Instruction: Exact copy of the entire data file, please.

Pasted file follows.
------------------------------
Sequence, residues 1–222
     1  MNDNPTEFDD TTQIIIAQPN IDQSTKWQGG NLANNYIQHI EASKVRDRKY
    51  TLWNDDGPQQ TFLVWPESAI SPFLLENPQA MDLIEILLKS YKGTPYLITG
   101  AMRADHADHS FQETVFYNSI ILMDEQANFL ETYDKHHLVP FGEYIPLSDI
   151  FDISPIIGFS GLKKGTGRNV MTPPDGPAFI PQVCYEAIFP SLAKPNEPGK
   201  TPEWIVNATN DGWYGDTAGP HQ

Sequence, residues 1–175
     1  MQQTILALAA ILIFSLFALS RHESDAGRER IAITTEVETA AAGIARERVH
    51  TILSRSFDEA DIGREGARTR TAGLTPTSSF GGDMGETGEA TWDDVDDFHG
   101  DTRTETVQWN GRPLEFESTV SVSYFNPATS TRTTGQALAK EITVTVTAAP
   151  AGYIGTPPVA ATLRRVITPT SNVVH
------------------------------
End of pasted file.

Sequence, residues 1–222
     1  MNDNPTEFDD TTQIIIAQPN IDQSTKWQGG NLANNYIQHI EASKVRDRKY
    51  TLWNDDGPQQ TFLVWPESAI SPFLLENPQA MDLIEILLKS YKGTPYLITG
   101  AMRADHADHS FQETVFYNSI ILMDEQANFL ETYDKHHLVP FGEYIPLSDI
   151  FDISPIIGFS GLKKGTGRNV MTPPDGPAFI PQVCYEAIFP SLAKPNEPGK
   201  TPEWIVNATN DGWYGDTAGP HQ

Sequence, residues 1–175
     1  MQQTILALAA ILIFSLFALS RHESDAGRER IAITTEVETA AAGIARERVH
    51  TILSRSFDEA DIGREGARTR TAGLTPTSSF GGDMGETGEA TWDDVDDFHG
   101  DTRTETVQWN GRPLEFESTV SVSYFNPATS TRTTGQALAK EITVTVTAAP
   151  AGYIGTPPVA ATLRRVITPT SNVVH